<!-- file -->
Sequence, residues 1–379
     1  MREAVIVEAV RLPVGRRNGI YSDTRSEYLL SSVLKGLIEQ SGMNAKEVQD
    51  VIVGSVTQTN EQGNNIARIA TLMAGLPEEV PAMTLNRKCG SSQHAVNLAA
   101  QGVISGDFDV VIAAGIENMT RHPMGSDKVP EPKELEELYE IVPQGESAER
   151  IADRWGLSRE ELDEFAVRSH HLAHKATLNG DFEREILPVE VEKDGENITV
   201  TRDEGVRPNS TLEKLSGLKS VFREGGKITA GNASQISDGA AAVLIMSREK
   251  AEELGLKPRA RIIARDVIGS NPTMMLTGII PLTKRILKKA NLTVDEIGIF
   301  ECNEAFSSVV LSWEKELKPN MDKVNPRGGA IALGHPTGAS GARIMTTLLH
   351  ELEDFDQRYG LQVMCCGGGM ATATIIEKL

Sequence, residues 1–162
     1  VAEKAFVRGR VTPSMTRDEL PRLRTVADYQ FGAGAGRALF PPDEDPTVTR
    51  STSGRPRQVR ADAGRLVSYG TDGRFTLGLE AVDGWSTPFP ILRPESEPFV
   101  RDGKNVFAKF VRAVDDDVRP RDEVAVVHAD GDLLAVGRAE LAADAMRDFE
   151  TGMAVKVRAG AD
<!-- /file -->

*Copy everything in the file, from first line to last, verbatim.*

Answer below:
Sequence, residues 1–379
     1  MREAVIVEAV RLPVGRRNGI YSDTRSEYLL SSVLKGLIEQ SGMNAKEVQD
    51  VIVGSVTQTN EQGNNIARIA TLMAGLPEEV PAMTLNRKCG SSQHAVNLAA
   101  QGVISGDFDV VIAAGIENMT RHPMGSDKVP EPKELEELYE IVPQGESAER
   151  IADRWGLSRE ELDEFAVRSH HLAHKATLNG DFEREILPVE VEKDGENITV
   201  TRDEGVRPNS TLEKLSGLKS VFREGGKITA GNASQISDGA AAVLIMSREK
   251  AEELGLKPRA RIIARDVIGS NPTMMLTGII PLTKRILKKA NLTVDEIGIF
   301  ECNEAFSSVV LSWEKELKPN MDKVNPRGGA IALGHPTGAS GARIMTTLLH
   351  ELEDFDQRYG LQVMCCGGGM ATATIIEKL

Sequence, residues 1–162
     1  VAEKAFVRGR VTPSMTRDEL PRLRTVADYQ FGAGAGRALF PPDEDPTVTR
    51  STSGRPRQVR ADAGRLVSYG TDGRFTLGLE AVDGWSTPFP ILRPESEPFV
   101  RDGKNVFAKF VRAVDDDVRP RDEVAVVHAD GDLLAVGRAE LAADAMRDFE
   151  TGMAVKVRAG AD